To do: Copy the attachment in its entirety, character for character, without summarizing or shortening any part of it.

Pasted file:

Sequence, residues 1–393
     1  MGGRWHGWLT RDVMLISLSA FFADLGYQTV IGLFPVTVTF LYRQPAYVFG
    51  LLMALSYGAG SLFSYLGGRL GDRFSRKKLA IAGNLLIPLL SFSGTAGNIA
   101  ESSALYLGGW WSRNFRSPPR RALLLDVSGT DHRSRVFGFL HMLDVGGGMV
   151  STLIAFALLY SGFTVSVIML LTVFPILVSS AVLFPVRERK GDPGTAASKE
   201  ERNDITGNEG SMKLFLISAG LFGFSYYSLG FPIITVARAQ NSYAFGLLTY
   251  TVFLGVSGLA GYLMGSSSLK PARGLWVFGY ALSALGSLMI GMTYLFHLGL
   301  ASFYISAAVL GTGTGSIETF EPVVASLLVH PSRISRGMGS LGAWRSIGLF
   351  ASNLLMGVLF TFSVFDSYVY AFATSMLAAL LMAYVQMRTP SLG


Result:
Sequence, residues 1–393
     1  MGGRWHGWLT RDVMLISLSA FFADLGYQTV IGLFPVTVTF LYRQPAYVFG
    51  LLMALSYGAG SLFSYLGGRL GDRFSRKKLA IAGNLLIPLL SFSGTAGNIA
   101  ESSALYLGGW WSRNFRSPPR RALLLDVSGT DHRSRVFGFL HMLDVGGGMV
   151  STLIAFALLY SGFTVSVIML LTVFPILVSS AVLFPVRERK GDPGTAASKE
   201  ERNDITGNEG SMKLFLISAG LFGFSYYSLG FPIITVARAQ NSYAFGLLTY
   251  TVFLGVSGLA GYLMGSSSLK PARGLWVFGY ALSALGSLMI GMTYLFHLGL
   301  ASFYISAAVL GTGTGSIETF EPVVASLLVH PSRISRGMGS LGAWRSIGLF
   351  ASNLLMGVLF TFSVFDSYVY AFATSMLAAL LMAYVQMRTP SLG